These midline regions are consistently activated during emotional processing in different sensory modalities (Phan et al. 2002; Kober et al. 2008; Lindquist et al. 2012) and contain emotion-specific patterns independent of the task or exact emotion categories used (Peelen et al. 2010; Chikazoe et al. 2014; Skerry and Saxe 2014; see also Kragel and LaBar 2014 for a review). The mPFC and PCC receive inputs from insula which processes visceral information, from amygdala which codes the affective relevance of the stimulus, from medial temporal lobe areas involved in memory, and from thalamus and hypothalamus which govern arousal (Öngür and Price 2000; Kober et al. 2008; Etkin et al. 2011). Together, mPFC, precuneus, and PCC form the medial part of the default mode network (DMN), typically linked with self-referential processing (Amodio and Frith 2006; Northoff et al. 2006; Buckner and Carroll 2007). This anatomical architecture makes these midline regions a plausible candidate for integrating information about one's internal state (Klasen et al. 2011; Mar 2011) with representations from memory and personal relevance (Summerfield et al. 2009; D'Argembeau et al. 2010). The patterns of activity resulting from the binding of these various representations might constitute a core feature of an emotional state regardless of the particular emotion category, and possibly underlie the distinctive fingerprints of these states as identified by our MVPA analyses. Somatosensory and motor regions—including postcentral gyrus, posterior insula, and precentral gyrus—were also among the most important brain regions for discriminating between all emotions. This finding accords with previous work showing how different emotions elicit discernible patterns of somatic sensations (Nummenmaa, Glerean et al. 2014), and that primary somatosensory, motor and premotor cortices are reliably engaged during emotion perception (De Gelder et al. 2004; Nummenmaa et al. 2008, 2012; Pichon et al. 2008). Moreover, damage to somatosensory cortices (Adolphs et al. 2000) or their inactivation by transcranial magnetic stimulation (Pourtois et al. 2004) can cause significant deficits in the recognition of emotions. Similarly, posterior insula mediates the interoceptive awareness of one's own bodily functions (Critchley et al. 2004) and its damage may impair various components of emotion processing, including gustatory information (Calder et al. 2001) or aversive/risk information (Naqvi et al. 2007). Precentral gyrus containing the primary motor cortex is also consistently activated during emotional experience and emotion perception (De Gelder et al. 2004; Hajcak et al. 2007), and it likely plays an important role in motor preparation processes related to emotion and action tendencies (Frijda 1986; Mazzola et al. 2013).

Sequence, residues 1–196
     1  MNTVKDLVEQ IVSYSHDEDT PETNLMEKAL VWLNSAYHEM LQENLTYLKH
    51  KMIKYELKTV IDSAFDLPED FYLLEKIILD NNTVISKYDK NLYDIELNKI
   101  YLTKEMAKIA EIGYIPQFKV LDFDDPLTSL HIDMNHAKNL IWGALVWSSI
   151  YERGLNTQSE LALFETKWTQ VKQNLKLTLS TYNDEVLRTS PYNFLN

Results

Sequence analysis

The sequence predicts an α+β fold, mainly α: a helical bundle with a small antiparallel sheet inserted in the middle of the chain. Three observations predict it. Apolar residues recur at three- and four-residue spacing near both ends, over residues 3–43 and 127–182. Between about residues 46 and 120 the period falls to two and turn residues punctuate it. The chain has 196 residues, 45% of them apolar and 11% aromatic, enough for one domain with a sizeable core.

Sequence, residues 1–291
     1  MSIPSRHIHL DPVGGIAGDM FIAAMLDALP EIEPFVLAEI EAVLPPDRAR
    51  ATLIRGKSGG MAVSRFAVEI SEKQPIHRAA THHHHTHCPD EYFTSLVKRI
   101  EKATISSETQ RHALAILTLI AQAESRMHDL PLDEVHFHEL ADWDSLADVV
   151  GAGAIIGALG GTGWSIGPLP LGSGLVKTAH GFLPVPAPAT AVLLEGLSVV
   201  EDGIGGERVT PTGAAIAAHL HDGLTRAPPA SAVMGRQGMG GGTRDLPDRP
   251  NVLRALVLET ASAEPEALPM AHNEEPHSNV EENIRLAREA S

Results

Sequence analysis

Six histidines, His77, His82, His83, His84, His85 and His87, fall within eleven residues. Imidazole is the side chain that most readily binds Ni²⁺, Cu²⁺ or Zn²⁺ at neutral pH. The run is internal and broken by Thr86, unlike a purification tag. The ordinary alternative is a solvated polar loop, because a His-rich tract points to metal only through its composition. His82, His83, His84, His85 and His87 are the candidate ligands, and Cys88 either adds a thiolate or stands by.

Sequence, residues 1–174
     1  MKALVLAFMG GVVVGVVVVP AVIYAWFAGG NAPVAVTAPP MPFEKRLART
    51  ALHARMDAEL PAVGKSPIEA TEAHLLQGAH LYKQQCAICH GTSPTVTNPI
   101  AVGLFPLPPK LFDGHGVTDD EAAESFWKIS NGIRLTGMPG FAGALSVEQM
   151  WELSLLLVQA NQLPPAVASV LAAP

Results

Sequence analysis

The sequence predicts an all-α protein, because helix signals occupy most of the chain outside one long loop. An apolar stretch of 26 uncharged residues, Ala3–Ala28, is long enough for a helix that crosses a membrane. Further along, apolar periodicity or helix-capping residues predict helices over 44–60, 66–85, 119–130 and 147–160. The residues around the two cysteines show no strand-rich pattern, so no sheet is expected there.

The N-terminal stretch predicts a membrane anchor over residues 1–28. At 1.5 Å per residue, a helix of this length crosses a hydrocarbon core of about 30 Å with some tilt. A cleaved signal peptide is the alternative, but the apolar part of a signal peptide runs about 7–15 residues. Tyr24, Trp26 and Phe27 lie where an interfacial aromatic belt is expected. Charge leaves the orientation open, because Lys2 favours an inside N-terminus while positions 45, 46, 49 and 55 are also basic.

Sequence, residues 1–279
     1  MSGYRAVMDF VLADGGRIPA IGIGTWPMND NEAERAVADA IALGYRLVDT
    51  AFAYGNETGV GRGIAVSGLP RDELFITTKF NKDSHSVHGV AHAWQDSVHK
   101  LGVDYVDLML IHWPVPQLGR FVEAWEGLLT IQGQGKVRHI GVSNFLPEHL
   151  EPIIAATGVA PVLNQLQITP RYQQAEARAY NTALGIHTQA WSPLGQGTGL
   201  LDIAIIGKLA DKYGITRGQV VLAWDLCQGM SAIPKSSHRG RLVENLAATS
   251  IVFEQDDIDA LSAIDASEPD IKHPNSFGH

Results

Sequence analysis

Limbic regions, including amygdala, hippocampus, and thalamus, form an important part of the emotion network, yet our ROI analysis revealed poorer classification accuracy in limbic versus cortical components of the emotion network. Furthermore, none of the limbic ROIs was able to separate between all emotion categories. It is possible that this finding merely reflects the positive association between classification accuracy and ROI size, as the limbic ROIs were, on average, smaller than their cortical counterparts. However, follow-up analysis established that such an association is present only for the cortical (Mr = 0.75, P < 0.05) but not for the limbic (Mr = –0.05, ns) ROIs. Thus, mere ROI size unlikely accounts the poorer classification accuracy in the limbic ROIs, particularly as some of these—such as thalamus—were indeed relatively large. One possibility is that the limbic circuit contributes to shaping emotional states jointly with the cortical regions. The limbic regions likely govern elementary functions related to arousal, saliency, and relevance processing, which tend to be shared by all different emotions (Adolphs 2010; Damasio and Carvalho 2013; Kragel and LaBar 2014). Activity in these subcortical regions may then contribute to the generation of discrete emotional states via feed-forward connections to the frontal cortex, but the latter may also shape emotion responses through feedback interactions with limbic regions.